Silicon Valley transit workers upset over COVID vaccine policy
A VTA light rail train in Mountain View. Photo by Robert Eliason.

    Outraged VTA employees are taking their leaders to task over a mandate requiring them to get vaccinated for COVID-19 by the end of April.

    Santa Clara County public transit workers flooded Thursday’s virtual board meeting to express displeasure with the vaccine policy issued last week. Many are members of VTA’s largest union, Amalgamated Transit Union Local 265. They claim the policy will result in the loss of experienced drivers and operators.

    “You either get vaccinated or you get fired,” John Courtney, president and business agent of ATU, said at the meeting. “What is the goal here, VTA?”

    Board member and San Jose Councilmember Raul Peralez said the vaccination policy may be more appropriate to discuss in closed session, noting he has many questions.

    “This does appear to have been an administrative decision, and we haven’t had a discussion at the board in public or in closed session,” said Peralez, addressing VTA General Manager and CEO Carolyn Gonot. “I do think considering the potential implications would be important.”

    Gonot said VTA’s policy follows the recommendations of public health experts who overwhelmingly support vaccinations as the most effective way to stop the spread of COVID-19 and reduce the chance of serious illness, noting VTA has had 254 positive cases since Dec. 27.

    The omicron variant caused a surge in cases in Santa Clara County in December and January. Cases have started to drop in recent weeks, but the county is still emphasizing testing for residents and has forced departments to vaccinate and boost employees who work in higher-risk settings.

    VTA’s policy requires its workforce of more than 2,100 workers to be fully vaccinated by April 29 or face termination. As of Jan. 28, approximately 61% of employees are vaccinated, but only 54% of ATU members—who serve as drivers, operators and mechanics—are immunized for COVID. VTA was late to adopt a policy compared to other Bay Area transit agencies, such as BART and the San Francisco Municipal Transportation Agency.

    Gonot said VTA has distributed information about the policy to workers and brought in a third party to handle applications for medical or religious exemptions to the vaccine.

    “It is an ever-changing situation, and I can understand some of the frustrations that many of our employees can feel at times,” Gonot added.

    Those frustrations spilled over in public comments as workers spoke out against the vaccine for infringing on their freedom of choice.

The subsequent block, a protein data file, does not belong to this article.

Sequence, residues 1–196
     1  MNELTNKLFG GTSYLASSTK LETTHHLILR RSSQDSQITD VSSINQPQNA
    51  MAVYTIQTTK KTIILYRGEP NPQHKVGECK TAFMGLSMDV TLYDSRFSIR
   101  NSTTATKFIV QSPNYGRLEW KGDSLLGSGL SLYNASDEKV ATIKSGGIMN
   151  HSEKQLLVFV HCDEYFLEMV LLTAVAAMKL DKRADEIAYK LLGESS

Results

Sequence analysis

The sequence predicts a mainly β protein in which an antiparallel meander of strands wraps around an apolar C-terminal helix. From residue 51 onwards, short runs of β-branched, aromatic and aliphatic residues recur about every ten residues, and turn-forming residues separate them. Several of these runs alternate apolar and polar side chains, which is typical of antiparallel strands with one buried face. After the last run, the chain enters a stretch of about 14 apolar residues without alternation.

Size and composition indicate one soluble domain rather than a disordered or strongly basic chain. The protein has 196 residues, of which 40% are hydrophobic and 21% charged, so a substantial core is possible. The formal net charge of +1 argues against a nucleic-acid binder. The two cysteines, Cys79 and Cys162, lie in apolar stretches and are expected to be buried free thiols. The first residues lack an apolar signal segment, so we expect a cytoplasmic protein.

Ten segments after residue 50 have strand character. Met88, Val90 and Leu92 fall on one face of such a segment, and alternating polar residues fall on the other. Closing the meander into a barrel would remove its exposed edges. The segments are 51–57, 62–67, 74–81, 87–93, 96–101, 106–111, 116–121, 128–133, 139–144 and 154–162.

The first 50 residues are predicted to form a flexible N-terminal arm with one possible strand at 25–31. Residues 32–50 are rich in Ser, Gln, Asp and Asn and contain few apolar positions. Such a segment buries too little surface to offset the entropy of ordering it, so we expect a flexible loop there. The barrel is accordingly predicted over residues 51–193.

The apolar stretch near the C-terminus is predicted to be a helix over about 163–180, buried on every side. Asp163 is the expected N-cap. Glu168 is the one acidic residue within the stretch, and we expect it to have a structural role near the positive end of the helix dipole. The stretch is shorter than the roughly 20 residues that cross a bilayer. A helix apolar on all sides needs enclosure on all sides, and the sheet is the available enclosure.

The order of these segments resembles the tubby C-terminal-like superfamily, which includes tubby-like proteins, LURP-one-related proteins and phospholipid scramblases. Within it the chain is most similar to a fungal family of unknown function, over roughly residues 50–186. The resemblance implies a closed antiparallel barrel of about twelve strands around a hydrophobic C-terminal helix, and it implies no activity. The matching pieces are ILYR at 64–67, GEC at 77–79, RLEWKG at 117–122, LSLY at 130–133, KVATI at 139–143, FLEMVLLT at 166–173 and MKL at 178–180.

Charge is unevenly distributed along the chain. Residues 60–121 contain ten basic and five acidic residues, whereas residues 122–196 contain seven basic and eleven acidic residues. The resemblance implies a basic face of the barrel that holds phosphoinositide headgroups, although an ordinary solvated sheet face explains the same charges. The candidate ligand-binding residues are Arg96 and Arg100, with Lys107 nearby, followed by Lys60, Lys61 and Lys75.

“I’m here to say I’m standing with my brothers and sisters of (Local) 265 who are against this mandate,” said ATU member Eric Chavez. “It’s totally unfair to put this on employees who, when they were hired, it was not a term of employment.”

    Several workers said they oppose the vaccine itself. Some said they didn’t believe in the vaccine, while others were skeptical it would protect them from COVID-19.

    “We shouldn’t be forced to get something that’s unproven at this point just to keep our jobs,” said Tizoc Salinas.

    The FDA granted full approval to Pfizer and Modern’s coronavirus vaccines, which were first implemented under an emergency-use authorization. They are no longer considered experimental drugs.

    A handful of workers who said they have received the vaccine and booster shots also protested the mandate, and several complained that VTA should offer a testing option.

    “We have employees who are not even going to get tested when they have symptoms because they know that if they (do) and test positive, they have to stay home and nobody is going to pay them,” said a radio operator who identified herself as Shauna, adding workers find it challenging to get compensation for contracting COVID-19.

    One unknown consequence of the policy is how many workers will actually resign or otherwise leave VTA because of the requirement. New workers are already required to get vaccinated as a condition of employment, but more seasoned employees haven’t faced this requirement until now. Some workers warned the board that service could suffer as a result of departures.

    “Every day we have cancelled service at every division, and this policy will make the situation worse,” said one worker who only identified himself as Raj. “If this policy is kept in place, we stand to lose folks who have been working for this company 15 to 25 years.”

    Contact Eli Wolfe at [email protected] or @EliWolfe4 on Twitter. 

    Editor’s Note: A previous version of this story reported that Caltrain has a vaccine mandate for its employees. The agency does not.

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